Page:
Research Highlights:

  • In a large study of adults with implanted heart devices that detected short, symptomless bouts of irregular heart rhythm, known as subclinical atrial fibrillation, those who took the anti-clotting medication apixaban were 37% less likely to have a stroke or blood clot compared to adults taking daily aspirin.
  • While the anti-clotting medication was linked with more bleeding, most bleeding did not result in any serious or permanent consequences.
  • For many patients with brief, symptomless, subclinical atrial fibrillation, the benefits of apixaban likely outweigh risks, researcher said.

Embargoed until 8:45 a.m. ET, Sunday, Nov. 12, 2023

PHILADELPHIA, Nov. 12, 2023 — The anti-clotting medication apixaban reduced the rate of stroke and blood clots, among adults with implanted heart devices experiencing short bouts of asymptomatic, irregular heart rhythms compared to adults who took aspirin, according to late-breaking science presented today at the American Heart Association’s Scientific Sessions 2023. The meeting, Nov. 11-13, in Philadelphia, is a premier global exchange of the latest scientific advancements, research and evidence-based clinical practice updates in cardiovascular science. The full manuscript is also simultaneously published today in The New England Journal of Medicine.

The medication was associated with major bleeding; however, it was not life-threatening.

Atrial fibrillation, or AFib, is an irregular heartbeat that can lead to blood clots, strokeheart failure or other heart-related complications. It can occur without symptoms or be so brief that it is difficult to detect. Subclinical atrial fibrillation is brief, asymptomatic AFib that is detected by pacemakers, implantable defibrillators and cardiac monitors that record people’s heart rates continuously and detect these short bouts of irregular heartbeats.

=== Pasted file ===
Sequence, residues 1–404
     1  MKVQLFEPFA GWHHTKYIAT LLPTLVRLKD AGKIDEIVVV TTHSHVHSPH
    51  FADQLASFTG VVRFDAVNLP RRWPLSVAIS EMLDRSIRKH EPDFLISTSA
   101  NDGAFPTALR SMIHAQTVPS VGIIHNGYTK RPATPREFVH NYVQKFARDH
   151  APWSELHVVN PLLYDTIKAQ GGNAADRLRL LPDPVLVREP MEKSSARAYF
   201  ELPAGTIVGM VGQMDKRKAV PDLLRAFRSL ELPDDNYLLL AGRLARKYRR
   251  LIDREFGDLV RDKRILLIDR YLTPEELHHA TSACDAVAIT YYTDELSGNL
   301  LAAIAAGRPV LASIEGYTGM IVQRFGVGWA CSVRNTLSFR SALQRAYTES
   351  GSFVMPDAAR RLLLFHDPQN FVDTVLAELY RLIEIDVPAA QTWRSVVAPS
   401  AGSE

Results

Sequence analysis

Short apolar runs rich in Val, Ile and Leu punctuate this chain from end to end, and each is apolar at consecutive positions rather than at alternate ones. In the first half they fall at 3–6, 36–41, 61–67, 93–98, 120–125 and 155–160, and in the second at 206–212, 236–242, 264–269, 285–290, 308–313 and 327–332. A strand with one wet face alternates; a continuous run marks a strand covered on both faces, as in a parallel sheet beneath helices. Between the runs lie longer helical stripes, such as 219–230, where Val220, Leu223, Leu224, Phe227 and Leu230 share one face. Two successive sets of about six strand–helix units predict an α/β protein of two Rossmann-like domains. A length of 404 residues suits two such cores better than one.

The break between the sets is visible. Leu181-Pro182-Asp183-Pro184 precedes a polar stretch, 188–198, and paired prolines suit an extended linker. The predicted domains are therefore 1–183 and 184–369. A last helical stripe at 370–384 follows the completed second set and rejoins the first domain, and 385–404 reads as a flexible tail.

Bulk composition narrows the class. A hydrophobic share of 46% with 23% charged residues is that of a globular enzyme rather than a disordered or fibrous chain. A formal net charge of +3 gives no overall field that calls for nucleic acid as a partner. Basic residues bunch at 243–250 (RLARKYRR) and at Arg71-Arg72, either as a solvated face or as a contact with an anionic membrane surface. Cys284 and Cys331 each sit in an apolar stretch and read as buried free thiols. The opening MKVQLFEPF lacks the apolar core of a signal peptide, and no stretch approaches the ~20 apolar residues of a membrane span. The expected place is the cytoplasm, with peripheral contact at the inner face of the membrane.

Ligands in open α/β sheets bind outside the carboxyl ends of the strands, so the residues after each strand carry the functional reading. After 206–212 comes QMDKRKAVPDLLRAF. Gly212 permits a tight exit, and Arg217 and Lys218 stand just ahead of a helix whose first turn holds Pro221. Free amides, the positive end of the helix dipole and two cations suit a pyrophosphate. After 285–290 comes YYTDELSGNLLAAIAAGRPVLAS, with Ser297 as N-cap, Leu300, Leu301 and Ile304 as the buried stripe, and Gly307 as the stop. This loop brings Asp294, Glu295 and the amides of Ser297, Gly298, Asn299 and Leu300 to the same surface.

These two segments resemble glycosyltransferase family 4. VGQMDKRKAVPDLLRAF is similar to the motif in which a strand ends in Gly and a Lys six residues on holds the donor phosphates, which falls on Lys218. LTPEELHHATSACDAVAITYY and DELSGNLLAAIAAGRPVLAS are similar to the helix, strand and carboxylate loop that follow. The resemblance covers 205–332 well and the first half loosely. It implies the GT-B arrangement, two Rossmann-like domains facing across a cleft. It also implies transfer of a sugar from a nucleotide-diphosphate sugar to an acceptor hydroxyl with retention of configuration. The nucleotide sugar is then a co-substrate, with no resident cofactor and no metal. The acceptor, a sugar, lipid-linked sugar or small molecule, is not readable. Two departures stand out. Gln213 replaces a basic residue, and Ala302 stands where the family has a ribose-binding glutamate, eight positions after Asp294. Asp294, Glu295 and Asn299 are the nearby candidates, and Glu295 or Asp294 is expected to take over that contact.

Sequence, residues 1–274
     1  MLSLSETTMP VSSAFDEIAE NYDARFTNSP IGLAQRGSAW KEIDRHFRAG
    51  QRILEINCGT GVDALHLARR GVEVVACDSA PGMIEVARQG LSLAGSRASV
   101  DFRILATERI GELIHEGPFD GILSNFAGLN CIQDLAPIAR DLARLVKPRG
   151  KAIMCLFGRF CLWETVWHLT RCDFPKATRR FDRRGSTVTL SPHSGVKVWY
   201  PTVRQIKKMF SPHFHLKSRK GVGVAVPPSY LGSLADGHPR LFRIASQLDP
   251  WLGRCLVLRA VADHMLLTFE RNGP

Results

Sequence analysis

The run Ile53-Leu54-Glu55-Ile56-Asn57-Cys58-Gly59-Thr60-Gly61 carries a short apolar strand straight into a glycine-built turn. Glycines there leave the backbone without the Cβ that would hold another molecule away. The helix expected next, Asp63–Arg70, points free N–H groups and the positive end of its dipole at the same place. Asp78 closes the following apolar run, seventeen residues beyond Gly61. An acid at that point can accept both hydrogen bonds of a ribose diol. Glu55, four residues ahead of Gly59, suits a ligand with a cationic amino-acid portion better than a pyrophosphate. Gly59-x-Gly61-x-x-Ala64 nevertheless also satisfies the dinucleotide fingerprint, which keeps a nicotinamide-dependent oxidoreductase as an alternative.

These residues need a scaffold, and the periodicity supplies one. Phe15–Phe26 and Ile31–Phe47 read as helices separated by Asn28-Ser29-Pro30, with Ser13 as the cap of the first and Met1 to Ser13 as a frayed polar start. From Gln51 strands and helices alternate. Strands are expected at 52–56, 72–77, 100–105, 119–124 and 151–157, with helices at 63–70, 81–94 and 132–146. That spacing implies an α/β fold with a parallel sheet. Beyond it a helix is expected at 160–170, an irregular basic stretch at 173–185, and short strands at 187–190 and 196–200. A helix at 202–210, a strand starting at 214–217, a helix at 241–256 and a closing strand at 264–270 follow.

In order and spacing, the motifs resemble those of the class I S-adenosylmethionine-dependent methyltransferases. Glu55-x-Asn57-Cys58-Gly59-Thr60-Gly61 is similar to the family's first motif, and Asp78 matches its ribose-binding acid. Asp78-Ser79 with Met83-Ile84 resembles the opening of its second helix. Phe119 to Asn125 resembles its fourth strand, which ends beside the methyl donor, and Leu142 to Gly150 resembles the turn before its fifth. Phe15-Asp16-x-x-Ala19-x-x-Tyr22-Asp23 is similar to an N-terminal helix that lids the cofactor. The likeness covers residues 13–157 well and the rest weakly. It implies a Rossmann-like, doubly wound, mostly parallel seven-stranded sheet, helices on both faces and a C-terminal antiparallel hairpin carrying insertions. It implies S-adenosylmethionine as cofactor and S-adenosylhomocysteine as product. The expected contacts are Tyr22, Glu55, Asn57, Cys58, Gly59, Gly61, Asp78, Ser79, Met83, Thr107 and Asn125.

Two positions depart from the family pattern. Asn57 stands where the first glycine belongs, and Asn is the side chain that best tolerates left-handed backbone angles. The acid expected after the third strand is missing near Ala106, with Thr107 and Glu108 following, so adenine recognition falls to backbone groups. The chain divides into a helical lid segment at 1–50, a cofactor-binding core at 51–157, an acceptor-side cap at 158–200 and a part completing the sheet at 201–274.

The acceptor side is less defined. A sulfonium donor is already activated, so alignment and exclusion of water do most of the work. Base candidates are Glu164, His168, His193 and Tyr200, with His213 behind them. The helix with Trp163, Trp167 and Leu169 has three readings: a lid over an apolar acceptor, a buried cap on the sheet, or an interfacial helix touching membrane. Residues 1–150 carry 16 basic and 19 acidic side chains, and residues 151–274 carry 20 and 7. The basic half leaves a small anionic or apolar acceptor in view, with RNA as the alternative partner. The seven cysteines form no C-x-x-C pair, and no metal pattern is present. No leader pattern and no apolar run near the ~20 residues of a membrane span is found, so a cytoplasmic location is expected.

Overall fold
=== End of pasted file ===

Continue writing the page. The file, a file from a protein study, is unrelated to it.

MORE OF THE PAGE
Previous research has indicated that treatment with oral anti-clotting medications (also known as anticoagulants) may prevent up to two-thirds of strokes in people diagnosed with atrial fibrillation. However, anti-clotting medications including apixaban cause an increased risk of major bleeding, including blood in stool or in urine, and/or trauma-related bleeding.

“We have observed in previous research that the magnitude of stroke risk associated with short duration, asymptomatic, subclinical atrial fibrillation was lower than what was seen in people with longer-lasting symptomatic atrial fibrillation,” said study author Jeff Healey, M.D., M.S., cardiology division director and professor of medicine at McMaster University in Hamilton, Ontario, Canada. “So that’s a different risk-benefit consideration for prescribing anticoagulants.”

This phase 4 clinical trial, called “Apixaban for the Reduction of Thrombo-Embolism in patients with device-detected Subclinical Atrial fibrillation trial (ARTESIA),” examined the risk-benefit considerations of treating asymptomatic atrial fibrillation. Researchers enrolled more than 4,000 adults from 16 countries in North America and Europe who had an implanted pacemaker, defibrillator or cardiac monitor that detected asymptomatic atrial fibrillation.

Half of the participants were randomly assigned to receive an anticoagulant (the standard treatment for patients with stroke risk factors who have clinical atrial fibrillation); specifically, 5 mg of apixaban, twice daily or 2.5 mg twice daily in patients meeting a pre-set criteria for dose reduction such as being over age 80 or weighing less than 132 pounds). The other half of the participants received 81 mg of aspirin daily. Neither participants nor researchers knew which medication participants were taking. Researchers monitored study participants for an average of 3.5 years for stroke, blood clots and/or major bleeding.

The investigation found:

  • People in the apixaban-treatment group had a 37% overall reduction in incidence of stroke or blood clots, driven mainly by a 51% reduction in fatal or disabling strokes.